LOS ANGELES — I’ve had the pleasure of knowing Lakers’ GM Mitch Kupchak since he left the Washington Bullets after four seasons — and a 1978 NBA title — to signed a veteran free-agent deal with the Lakers following the 1980-81 season.
I’ve watched him return from one of the most devastating knee injuries ever — just 26 games into his first year in Los Angeles — to resume his Lakers career and help lead the team to the biggest victory in franchise history: Beating the Boston Celtics for the NBA championship in 1985. Previously, the Lakers had lost eight straight Finals to the Celtics.
I saw the tough but mild-mannered Kupchak become one of a handful of pro athletes to get kicked out of his final game ever — a six-game Western Conference Finals loss to Houston in 1986.
I also observed him make the amazingly successful transition from player to front office executive when Kupchak became assistant GM under Jerry West following his retirement.
We’ve spent hours and hours — along with Lakers PR man John Black — discussing music and the merits of Bruce Springsteen versus James Taylor. I’m a huge JT fan — those two would constantly gang up on me and the discussions would get — well — a little heated. I since have come to realize that there’s room for “The Boss” in my very eclectic music tastes.
When the Lakers were struggling following the early 2000’s Three-Peat, I gave Kupchak — somewhat jokingly — the nickname of “Asleep at the Switch Mitch” for his — in my opinion — lack of moves that would improve the team. Then Pau Gasol arrived in 2008 to join Kobe Bryant and the Lakers went to three consecutive Finals, winning the last two
Glad I was wrong about that one, too.
Kupchak has evolved into one of the finest professional sports executives in the world, and the Lakers really couldn’t be in better hands right now. But the circumstances he has to deal with in the NBA of 2013 and moving forward have changed the entire game.
Player movement is being restricted by the parameters of the new collective bargaining agreement, and keeping the future of your franchise under contract isn’t nearly as certain of a proposition as it had been just a year or two ago.
That brings us to Dwight Howard, the NBA’s perennial winner of the Mr. Indecisive Award. You know, the player who is always the last to make up his mind about anything. He did it with his on-again, off-again trade demands in Orlando, and he’s doing it with the Lakers as he decides where he will play the next four or five years of his career.
And it’s Kupchak who has the enormous burden of getting Howard to stay in L.A. squarely on his back.
“We’re optimistic he’ll be a Laker for a long time,” said Kupchak at a recent Lakers team function. “Because of the city we live in and the fans we have, we think this would be the best place for Dwight to play.”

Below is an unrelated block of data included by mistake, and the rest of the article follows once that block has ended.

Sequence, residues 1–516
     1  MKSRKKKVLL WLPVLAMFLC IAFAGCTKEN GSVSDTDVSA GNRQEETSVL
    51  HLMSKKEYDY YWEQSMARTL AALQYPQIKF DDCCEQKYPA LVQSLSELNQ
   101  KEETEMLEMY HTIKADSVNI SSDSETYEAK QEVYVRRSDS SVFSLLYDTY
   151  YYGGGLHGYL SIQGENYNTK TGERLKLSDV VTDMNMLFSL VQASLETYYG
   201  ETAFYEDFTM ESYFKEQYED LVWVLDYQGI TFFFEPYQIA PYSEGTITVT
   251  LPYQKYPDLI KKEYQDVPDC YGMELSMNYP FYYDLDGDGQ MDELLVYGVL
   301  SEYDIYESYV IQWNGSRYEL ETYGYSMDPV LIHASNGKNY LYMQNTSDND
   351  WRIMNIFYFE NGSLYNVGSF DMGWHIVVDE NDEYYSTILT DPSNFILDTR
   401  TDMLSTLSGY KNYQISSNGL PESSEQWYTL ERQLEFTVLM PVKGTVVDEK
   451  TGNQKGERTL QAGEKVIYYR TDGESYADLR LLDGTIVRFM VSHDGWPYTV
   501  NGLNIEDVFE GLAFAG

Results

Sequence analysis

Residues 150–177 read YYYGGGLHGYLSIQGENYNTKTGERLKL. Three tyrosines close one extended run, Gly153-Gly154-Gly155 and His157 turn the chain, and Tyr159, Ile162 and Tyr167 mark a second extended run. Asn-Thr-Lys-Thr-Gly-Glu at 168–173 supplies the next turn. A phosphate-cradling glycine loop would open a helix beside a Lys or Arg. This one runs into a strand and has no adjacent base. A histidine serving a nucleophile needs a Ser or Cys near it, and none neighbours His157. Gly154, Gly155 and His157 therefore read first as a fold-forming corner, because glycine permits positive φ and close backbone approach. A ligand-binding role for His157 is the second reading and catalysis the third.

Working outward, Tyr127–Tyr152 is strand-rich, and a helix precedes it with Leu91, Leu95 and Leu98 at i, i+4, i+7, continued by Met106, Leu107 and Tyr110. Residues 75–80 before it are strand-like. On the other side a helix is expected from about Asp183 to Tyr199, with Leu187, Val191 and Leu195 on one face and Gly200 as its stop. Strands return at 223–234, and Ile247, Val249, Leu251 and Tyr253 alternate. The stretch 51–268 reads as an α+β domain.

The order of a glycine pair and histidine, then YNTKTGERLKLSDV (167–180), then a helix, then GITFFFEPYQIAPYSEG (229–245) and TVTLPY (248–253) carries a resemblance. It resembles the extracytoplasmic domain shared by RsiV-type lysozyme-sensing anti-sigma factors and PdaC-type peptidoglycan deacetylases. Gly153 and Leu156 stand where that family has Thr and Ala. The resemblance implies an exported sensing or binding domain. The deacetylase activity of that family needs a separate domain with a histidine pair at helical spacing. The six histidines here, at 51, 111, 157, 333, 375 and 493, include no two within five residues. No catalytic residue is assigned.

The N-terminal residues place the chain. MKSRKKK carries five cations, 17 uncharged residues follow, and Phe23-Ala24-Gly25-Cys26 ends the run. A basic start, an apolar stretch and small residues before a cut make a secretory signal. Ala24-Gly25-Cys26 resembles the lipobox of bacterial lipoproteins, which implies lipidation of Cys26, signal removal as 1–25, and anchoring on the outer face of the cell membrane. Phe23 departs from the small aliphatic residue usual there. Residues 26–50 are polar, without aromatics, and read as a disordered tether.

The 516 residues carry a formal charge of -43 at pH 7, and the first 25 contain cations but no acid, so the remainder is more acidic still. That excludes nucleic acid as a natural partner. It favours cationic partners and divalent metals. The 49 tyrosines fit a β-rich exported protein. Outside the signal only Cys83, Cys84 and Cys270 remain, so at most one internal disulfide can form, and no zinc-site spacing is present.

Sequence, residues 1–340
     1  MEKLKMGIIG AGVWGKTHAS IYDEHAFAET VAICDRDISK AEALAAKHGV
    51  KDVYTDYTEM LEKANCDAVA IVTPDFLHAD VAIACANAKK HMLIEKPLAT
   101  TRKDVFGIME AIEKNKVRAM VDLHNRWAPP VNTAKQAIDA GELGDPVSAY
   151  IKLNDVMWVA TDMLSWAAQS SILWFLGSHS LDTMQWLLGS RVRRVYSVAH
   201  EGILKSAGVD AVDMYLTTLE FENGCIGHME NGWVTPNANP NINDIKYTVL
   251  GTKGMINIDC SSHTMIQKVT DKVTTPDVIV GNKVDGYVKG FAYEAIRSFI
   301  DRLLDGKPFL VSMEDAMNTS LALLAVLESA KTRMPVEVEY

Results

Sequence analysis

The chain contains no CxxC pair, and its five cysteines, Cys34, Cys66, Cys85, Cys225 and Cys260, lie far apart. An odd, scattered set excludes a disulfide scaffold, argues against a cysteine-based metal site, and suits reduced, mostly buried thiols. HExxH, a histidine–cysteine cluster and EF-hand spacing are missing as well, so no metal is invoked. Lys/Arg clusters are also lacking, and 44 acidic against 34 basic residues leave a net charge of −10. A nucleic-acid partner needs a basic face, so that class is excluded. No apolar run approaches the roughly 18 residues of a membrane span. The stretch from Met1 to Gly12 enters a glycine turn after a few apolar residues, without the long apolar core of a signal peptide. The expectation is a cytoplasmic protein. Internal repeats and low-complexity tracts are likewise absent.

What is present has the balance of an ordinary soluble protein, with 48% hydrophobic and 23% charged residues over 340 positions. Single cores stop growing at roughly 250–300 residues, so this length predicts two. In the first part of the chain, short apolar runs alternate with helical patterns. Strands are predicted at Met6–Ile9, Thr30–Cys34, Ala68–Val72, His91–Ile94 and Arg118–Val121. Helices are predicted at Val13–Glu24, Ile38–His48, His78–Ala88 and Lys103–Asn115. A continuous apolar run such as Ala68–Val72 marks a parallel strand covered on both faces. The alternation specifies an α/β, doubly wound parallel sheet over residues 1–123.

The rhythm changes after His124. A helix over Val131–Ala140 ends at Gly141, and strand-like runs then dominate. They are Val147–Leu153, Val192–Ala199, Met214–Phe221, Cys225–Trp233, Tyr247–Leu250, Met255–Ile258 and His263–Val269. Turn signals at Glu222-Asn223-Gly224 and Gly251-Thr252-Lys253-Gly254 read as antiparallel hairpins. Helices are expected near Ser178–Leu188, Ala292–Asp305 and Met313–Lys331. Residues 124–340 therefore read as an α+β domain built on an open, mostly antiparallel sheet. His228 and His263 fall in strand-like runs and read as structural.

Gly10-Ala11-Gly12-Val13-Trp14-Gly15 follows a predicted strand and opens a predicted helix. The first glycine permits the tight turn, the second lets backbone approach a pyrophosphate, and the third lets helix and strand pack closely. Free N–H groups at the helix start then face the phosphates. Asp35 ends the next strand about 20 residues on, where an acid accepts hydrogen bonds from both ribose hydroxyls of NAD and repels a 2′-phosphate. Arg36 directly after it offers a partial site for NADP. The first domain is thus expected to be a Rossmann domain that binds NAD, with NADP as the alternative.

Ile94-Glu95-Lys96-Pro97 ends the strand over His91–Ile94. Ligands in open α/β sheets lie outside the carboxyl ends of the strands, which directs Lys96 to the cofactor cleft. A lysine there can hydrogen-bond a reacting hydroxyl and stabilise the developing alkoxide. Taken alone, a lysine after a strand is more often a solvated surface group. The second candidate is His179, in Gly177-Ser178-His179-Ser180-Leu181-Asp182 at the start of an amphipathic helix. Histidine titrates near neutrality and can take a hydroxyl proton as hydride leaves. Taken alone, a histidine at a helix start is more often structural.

However, the free-agent center has repeatedly said that it’s his right to take as much time as he wants to make a decision, and Kupchak agrees — even if he doesn’t like it.
“He’s right,” said Kupchak, who inexplicably has never won the NBA’s executive of the Year Award. “He has earned that right and he made it clear from the day we traded for him that he would take full advantage of the situation. It may not be what we want to hear, but that’s something as a player he has the right to take advantage of.”
But it’s not only the uncertainty of Howard’s decision-making process that has the Lakers worried. It’s the fact that the new CBA actually makes it palatable for a young superstar to leave tens of millions of dollars on the table to sign with the team he really wants to play with.
With reports circulating that D12 is leaning to bolting L.A., many have scoffed, saying that since the Lakers are the only team that can give him a fifth year — and nearly an extra $30 million — Howard would never leave that kind of money blowing in the wind.
In the past, that was a very accurate premise. No more, though.
At 26 years of age, Howard can take a four-year max deal from Houston or Dallas, and know for sure — barring a physical catastrophe — that he has at two more huge money contracts in his future. We might think it’s crazy to leave all that money behind — ask former NBAer Tom Gugliotta how that worked out for him — but for Howard it may seem like a sane business — and personal — decision.
Reportedly Howard wasn’t quite as enamored with being a Laker as he professed he was, and he especially disliked playing under coach Mike D’Antoni and with Kobe Bryant. He’s supposedly said this to confidants, and the Lakers must think there’s a little truth to it, because they’ve bought a number of large billboards throughout the city asking — begging? — Howard to re-sign.
“We absolutely understand there’s a possibility he could go elsewhere,” Kupchak said, “but we’re certainly going to do everything we can to keep him with the Lakers. He might (leave). That’s the reality of today’s game. We just have to wait and see what he does when he makes up his mind.”
I’ve seen Mitch Kupchak do a lot of meaningful things on and off the court for the Lakers over the past three decades—including getting Bryant to re-sign under very similar circumstances to Howard in 2004. It definitely has not been easy.
But it has been rewarding, because of his skills he’s the proud owner of 10 NBA championship rings — three as a player, seven as an executive. If he can get Howard to come back and the Laker break the reign of the Miami Heat, he’ll add another ring to his collection and another title to his resume.
And he’ll have pulled off one of the great sales jobs in professional basketball history.